CLASS A HILL CLIMBERS are a special breed of cat. The small union of devoted "slant-slammers" go their quiet way, riding a dozen Sundays through the season at odd-named hamlets like: Peninsula (Akron, Ohio), Paw-Paw (near Cumberland, West Virginia); Oregonia (Dayton, Ohio), mounted on special alcohol-burning machines that are in some cases older than their riders.
ONCE YOU PENETRATE the dazzle of chrome plating, the most notable thing about Bob Belanger's custom '50 Triumph is the far out front forks. A 7" addition to the wheelbase effectively lowers the frame, which was cut to angle the steering crown.
WHO SAYS GOOD GUYS don't win races? Larry Schafer, an exceptionally fine fellow from Washington, D. C. did just that at the 250cc National Championship Road Race held at Nelson Ledges, Ohio, and a more popular first-time National winner would be hard to imagine. Known as the "Southern Gentleman". Schafer is a quiet, unassuming individual, always ready to give a helping hand and without any fanfare about it. As an example. Tony Murguia took a nasty spill in practice and due to traffic on the course, flagmen were unable to reach him. Rider after rider zoomed by until Schafer came along. He immediately screeched to a halt, ran over to assist his fallen foe. gave what aid he could and then summoned the ambulance before continuing on about his business.
AMONG THE SEVERAL HEROIC FIGURES scheduled to make record runs on the Bonneville Salt Flats this fall is Brave Speedlove, who plans to capture the world's absolute speed record with his latest creation, Snowjob IV (illustration). The record attempt vehicle is a genuine motorcycle, and will be classified as such, although it is somewhat removed in general configuration from the ones most of us ride and it loses some of its significance thereby.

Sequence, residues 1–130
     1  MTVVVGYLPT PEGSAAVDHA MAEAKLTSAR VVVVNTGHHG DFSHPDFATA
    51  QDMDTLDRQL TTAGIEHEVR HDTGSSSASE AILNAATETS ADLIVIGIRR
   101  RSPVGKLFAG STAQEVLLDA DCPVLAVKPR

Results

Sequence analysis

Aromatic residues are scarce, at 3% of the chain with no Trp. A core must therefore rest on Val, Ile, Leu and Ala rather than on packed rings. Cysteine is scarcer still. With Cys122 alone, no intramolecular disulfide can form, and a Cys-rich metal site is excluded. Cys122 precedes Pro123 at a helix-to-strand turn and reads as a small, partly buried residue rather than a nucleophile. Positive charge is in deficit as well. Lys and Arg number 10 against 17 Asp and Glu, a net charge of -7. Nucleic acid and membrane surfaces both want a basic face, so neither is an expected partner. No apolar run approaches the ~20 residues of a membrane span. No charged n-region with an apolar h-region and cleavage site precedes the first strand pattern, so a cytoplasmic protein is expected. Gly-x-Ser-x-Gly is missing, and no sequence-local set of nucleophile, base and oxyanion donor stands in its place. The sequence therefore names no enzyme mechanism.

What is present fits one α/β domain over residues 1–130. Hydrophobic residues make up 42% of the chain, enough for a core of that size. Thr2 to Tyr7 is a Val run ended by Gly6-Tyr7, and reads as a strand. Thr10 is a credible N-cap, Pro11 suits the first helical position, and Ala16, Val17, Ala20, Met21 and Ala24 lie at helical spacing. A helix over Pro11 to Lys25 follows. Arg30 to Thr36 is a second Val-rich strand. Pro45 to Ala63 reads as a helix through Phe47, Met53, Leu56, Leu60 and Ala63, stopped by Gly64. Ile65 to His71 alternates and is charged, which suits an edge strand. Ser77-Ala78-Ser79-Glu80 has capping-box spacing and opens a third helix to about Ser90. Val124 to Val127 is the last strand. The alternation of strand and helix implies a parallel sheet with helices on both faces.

SAMMY TANNER WAS FIRST MAN on the track for practice the night before the 8-Mile National. Not only that, he followed up with fastest qualifying time, fastest heat race time, and a wire-to-wire win in the 6th Annual Ascot Park Classic at Gardena, California.
National Number One. Dick Mann of Pinole. California, captured his first National Championship of 1964, the Windber (Penna.) 50-Mile Road Race, astride his perfectly tuned Matchless G-50. Roger Reiman (H-D) set fastest qualifying time and gained the pole position, with Gary Nixon (Triumph), defending champion of the Windber event, sitting alongside.
WITH THE ITALIAN "rounds" run at Imola (250 class) and Avigliana near Turin (500 class) over fast, hard and dusty courses, the 1964 World Scrambles Championships reached the halfway mark. Seven meetings for each class have been held in various European countries and another seven for each class remain to be run, including the Russian 250 and 500 rounds at Leningrad and Lvov, for the first time counting toward World Championships.
Riders making waves in East Japan Moto-Cross. JAPANESE MOTORCYCLE MANUFACTURERS turned in a roaring first half year with exports of 303,896 machines bringing in $52,315,424 FOB. Only 396,957 motorcycles were exported during the full 12 months last year.
DAILY PAPERS, radio and television news bulletins can seldom have no mention of Russia or her achievements in the international sphere and now it looks as if that country is going to figure far more prominently than of late in the motorcycle press. The bald facts are that a Russian rider has won a round of the 250 moto cross championship, Russians lie third and fourth in the table with one round to go and of even greater significance on the road racing front was the 350cc Vostok four cylinder racer that appeared for the first time at the East German Grand Prix. But more of these facts later ...
ONE OF THE MOST INTERESTING ASPECTS of Canadian motorcycling this year is the amount of participation in overseas international events. We have to mention Mike Duff first; although he has been over for three years now, he is a Canadian born and trained, but polished by hot international road racing.
America's largest motorcycle manufacturer will introduce two entirely new designs and a very much modernized 74 into the 1965 market. Best news for big bike enthusiasts and police departments is that the 1200cc FL and FLH models will come equipped with the longawaited electric starter.